Mississippi Insurance Commissioner Mike Chaney wants the state Legislature to pass legislation to give him much more control over the Mississippi Windstorm Underwriting Association and how it manages its finances.
That probably shouldn’t be surprising. He may be a conservative Republican, but Chaney is still a politician, naturally drawn to the seductive lure of power and money. But what the episode clearly demonstrates is how short political memories can be.
Created by the Legislature in 1987, the MWUA – better known as the “wind pool” – provides windstorm and hail coverage in coastal George, Hancock, Harrison, Jackson, Pearl River and Stone counties to those who can’t find coverage in the private market. Initially quite small, applications to join the pool surged in the years following Hurricane Katrina. It took painful reforms to shrink it back down to about 1.8 percent of the market as of 2016, according to the Property Insurance Plans Services Office.
Chaney’s complaint is that the pool’s 11-member board buys “too much” reinsurance, which is the insurance that insurance companies get to guard against very large catastrophes. Last year, the MWUA spent $38.4 million to buy reinsurance covering up to $910 million in losses. Under H.B. 984, which passed the state House of Representatives Feb. 6 by a 92-23 margin, the pool would need to get the insurance commissioner’s approval for any reinsurance purchase that exceeds the maximum amount it would probably expect to lose.
But probability is a funny thing. Back in 2005, when the pool had just $1.9 billion of total exposure, it suffered a $700 million loss from Katrina and ended the year with a $595 million deficit. In an unprecedented move, then-Gov. Haley Barbour took $50 million of federal aid and applied it to the wind pool’s deficit. The other $545 million had to be raised through assessments – essentially, “hurricane taxes” – on every policy in the state. The state’s insurers also filed a class action lawsuit against the pool alleging its management was negligent for not purchasing enough reinsurance.
Though the size of the wind pool has shrunk from a peak of $7.2 billion in total exposure in 2011 to just short of $4.9 billion in 2016, it’s still more than double the size it was in 2005. And the reinsurance it buys now is much more affordable than it was a decade ago. Back in 2006, when the pool had $5.4 billion in total exposure, it spent $43 million for just $350 million of reinsurance coverage.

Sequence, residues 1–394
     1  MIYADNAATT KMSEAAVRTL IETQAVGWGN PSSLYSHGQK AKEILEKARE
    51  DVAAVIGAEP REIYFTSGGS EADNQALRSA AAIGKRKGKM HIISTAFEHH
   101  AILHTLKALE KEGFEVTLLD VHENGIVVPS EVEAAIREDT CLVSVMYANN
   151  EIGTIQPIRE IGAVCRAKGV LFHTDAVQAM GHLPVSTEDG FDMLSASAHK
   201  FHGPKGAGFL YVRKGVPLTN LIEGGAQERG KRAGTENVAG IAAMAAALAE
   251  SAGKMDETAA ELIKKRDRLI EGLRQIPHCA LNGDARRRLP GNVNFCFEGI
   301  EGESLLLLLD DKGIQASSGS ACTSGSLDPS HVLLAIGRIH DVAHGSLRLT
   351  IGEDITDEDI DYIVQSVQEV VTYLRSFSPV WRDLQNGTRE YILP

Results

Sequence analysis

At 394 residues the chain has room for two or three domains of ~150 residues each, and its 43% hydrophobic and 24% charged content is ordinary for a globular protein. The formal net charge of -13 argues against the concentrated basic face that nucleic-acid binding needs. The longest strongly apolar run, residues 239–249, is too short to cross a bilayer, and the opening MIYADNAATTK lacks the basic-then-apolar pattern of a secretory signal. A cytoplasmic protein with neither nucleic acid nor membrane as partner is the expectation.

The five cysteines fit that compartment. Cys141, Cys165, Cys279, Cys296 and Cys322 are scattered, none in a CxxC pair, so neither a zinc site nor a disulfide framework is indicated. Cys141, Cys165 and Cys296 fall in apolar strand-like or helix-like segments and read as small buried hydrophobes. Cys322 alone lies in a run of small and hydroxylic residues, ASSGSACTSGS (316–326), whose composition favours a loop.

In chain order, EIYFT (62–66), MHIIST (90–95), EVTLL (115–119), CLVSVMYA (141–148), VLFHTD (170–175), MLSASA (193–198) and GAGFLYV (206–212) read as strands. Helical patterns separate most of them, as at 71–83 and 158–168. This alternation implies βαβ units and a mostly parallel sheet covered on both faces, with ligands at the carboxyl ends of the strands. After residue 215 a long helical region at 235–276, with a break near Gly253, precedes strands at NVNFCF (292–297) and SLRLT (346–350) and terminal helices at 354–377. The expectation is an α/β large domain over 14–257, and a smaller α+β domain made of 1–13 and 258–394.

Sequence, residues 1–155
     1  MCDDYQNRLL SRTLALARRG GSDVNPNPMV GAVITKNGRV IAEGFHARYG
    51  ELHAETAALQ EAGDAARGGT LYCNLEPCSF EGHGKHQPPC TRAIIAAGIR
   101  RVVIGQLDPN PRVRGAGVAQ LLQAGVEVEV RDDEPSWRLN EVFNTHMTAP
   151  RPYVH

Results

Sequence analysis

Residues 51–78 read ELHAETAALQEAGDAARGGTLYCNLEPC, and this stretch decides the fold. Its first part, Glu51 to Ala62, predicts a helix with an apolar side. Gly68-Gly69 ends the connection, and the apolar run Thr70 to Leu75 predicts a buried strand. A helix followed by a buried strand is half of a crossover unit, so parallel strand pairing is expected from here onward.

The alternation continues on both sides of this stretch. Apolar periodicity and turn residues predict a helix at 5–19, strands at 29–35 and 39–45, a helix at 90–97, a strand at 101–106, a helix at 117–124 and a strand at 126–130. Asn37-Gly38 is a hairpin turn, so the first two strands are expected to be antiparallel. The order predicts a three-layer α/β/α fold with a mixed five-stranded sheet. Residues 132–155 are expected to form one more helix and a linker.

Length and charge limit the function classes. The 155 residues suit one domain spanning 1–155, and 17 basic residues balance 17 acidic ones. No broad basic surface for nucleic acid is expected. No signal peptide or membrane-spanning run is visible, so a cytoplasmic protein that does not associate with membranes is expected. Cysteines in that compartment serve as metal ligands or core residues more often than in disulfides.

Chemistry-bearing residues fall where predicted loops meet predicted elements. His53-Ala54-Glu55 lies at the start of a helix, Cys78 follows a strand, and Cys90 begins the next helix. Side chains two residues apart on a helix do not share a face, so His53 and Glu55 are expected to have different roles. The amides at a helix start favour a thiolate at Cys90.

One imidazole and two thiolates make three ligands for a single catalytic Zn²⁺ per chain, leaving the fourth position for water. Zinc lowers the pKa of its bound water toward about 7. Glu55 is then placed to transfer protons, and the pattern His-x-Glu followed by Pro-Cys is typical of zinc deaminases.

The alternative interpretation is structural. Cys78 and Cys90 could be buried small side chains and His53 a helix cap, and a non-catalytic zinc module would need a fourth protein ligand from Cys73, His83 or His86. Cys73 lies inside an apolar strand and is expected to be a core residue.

Lowering the amount of reinsurance the pool buys would mean it could charge lower rates in the short term. But in the event of another Katrina – or a Harvey or Irma that takes a hook into Gulfport, Biloxi or Pascagoula – it would mean even bigger hurricane taxes assessed on policyholders throughout the whole state. Even someone with a personal auto policy all the way up in Tupelo would be asked to bail out homeowners down at the coast. And if the pool’s rates went down, you can be sure it would start growing again, creating a vicious circle.
Other provisions of the bill would take $3 million currently collected each year through a policy fee and divert it from the pool to Mississippi’s general fund. It’s worth discussing whether that fee is still necessary, but that should be considered as part of an overall plan to bring down insurance taxes in the state. Mississippi received a grade of “D” in the R Street Institute’s most recent Insurance Regulation Report Card, in part because of the heavy tax and fee burden it lays on consumers. The $308.7 million in premium taxes Mississippi collected in 2016 on $14.56 billion of premiums comes out to a rate of 2.1 percent. That’s the third-highest burden in the country, behind only New Mexico and Tennessee.
Using the tools of market discipline, the MWUA has done an effective job of protecting both taxpayers and policyholders across the state. Subjecting it to the whims of politics would be short-sighted and could set the stage for yet another crisis.
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